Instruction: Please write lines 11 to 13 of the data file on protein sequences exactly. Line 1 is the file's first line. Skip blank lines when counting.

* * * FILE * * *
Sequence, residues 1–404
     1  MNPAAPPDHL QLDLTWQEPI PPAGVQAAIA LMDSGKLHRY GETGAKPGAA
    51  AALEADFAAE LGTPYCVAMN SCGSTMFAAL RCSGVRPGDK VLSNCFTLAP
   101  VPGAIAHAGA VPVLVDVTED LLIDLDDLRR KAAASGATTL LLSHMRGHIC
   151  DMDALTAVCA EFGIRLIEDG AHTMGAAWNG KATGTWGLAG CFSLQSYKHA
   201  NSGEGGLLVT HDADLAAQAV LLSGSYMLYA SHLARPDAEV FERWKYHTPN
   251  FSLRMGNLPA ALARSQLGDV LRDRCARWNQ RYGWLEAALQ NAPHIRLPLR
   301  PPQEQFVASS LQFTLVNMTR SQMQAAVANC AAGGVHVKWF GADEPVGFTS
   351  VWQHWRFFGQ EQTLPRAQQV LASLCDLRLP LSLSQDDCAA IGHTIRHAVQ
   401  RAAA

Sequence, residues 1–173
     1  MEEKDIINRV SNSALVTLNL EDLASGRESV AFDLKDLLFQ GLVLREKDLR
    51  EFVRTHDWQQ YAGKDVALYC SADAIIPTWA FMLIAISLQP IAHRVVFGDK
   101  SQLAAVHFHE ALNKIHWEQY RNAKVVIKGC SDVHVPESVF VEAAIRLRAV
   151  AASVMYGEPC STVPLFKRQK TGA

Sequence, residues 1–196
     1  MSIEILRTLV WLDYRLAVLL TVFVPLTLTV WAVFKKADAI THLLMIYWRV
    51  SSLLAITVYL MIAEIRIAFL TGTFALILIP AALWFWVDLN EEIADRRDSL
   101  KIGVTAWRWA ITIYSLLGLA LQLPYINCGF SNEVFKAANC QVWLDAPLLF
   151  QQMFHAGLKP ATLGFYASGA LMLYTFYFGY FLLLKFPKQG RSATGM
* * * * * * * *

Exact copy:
Sequence, residues 1–173
     1  MEEKDIINRV SNSALVTLNL EDLASGRESV AFDLKDLLFQ GLVLREKDLR
    51  EFVRTHDWQQ YAGKDVALYC SADAIIPTWA FMLIAISLQP IAHRVVFGDK